Shares of Lowe's, the second-largest home improvement chain, rose 2.1 percent in early trading on Monday. Market leader Home Depot
Lowe's said it still expected sales at stores open at least a year to rise about 2 percent for the fiscal year, which some analysts viewed as a good sign given persistently soft U.S. consumer sentiment.
JPMorgan analyst Christopher Horvers said Lowe's should be able to meet that same-store sales goal as consumers resume projects to maintain or repair their homes.
We await more discretionary larger-ticket projects that would further accelerate same-store sales growth, he said in a research note.
Horvers also applauded Lowe's for clearing inventory in the quarter, helping gross margin to rise slightly.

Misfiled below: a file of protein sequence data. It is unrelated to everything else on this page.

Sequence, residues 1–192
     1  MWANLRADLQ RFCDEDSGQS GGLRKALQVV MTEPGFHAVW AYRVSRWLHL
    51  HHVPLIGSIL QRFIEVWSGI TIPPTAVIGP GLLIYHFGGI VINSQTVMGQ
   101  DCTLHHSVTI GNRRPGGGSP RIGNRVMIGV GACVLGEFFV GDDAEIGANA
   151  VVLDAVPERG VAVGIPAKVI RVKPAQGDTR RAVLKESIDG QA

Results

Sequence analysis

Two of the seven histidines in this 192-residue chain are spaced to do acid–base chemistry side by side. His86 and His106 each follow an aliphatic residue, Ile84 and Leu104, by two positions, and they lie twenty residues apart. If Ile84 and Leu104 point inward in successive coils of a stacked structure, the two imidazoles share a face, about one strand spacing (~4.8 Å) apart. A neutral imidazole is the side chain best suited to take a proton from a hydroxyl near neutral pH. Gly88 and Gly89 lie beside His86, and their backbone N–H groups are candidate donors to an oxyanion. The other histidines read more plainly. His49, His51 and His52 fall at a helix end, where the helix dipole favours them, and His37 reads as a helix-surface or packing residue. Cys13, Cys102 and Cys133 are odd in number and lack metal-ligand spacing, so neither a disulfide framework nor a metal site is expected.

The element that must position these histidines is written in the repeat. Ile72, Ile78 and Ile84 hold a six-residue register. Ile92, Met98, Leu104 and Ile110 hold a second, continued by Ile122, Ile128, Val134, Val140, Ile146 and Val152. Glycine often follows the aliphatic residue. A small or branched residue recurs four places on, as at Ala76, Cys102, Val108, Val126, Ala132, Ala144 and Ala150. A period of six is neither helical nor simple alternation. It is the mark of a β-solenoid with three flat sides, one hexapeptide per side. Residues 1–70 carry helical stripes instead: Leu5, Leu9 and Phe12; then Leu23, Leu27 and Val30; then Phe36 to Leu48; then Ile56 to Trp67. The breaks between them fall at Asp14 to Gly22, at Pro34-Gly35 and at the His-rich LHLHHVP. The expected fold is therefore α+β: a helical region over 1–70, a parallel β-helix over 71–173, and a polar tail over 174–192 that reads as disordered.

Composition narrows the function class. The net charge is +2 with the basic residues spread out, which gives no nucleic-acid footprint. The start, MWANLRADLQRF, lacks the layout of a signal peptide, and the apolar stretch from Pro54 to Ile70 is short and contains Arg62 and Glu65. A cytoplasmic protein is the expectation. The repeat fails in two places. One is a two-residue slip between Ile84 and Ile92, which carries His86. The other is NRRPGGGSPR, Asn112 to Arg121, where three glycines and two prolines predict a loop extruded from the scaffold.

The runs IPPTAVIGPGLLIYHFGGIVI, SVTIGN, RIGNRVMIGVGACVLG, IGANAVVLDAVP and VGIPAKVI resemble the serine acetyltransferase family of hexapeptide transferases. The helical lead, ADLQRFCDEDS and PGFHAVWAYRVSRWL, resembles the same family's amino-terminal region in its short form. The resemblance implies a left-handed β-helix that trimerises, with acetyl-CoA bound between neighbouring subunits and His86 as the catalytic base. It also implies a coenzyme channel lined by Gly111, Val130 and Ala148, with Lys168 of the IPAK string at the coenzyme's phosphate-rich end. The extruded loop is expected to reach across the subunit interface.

Net income rose to $832 million, or 58 cents a share, in the second quarter ended on July 30 from $759 million, or 51 cents a share, a year earlier.
Analysts on average were expecting 59 cents a share, according to Thomson Reuters I/B/E/S.
We expect the 'not so bad' second-quarter results that Lowe's reported today to alleviate growing market concerns of a significant deterioration in trends at the chain over the past few months, Oppenheimer analyst Brian Nagel said.
Lowe's forecast current-quarter profit of 28 cents to 32 cents a share, while analysts were expecting 31 cents. The company said it expected a sales increase of 3 percent to 5 percent for the period.
Sales at Lowe's lost some momentum during the second quarter due to the expiration of a U.S. homebuyer tax credit and cash for appliances programs. Both had helped results significantly in the first quarter.
Sales rose 3.8 percent to $14.36 billion, but missed Wall Street's average estimate of $14.52 billion. Sales at stores open at least a year rose 1.6 percent.
(Reporting by Dhanya Skariachan; Editing by Lisa Von Ahn)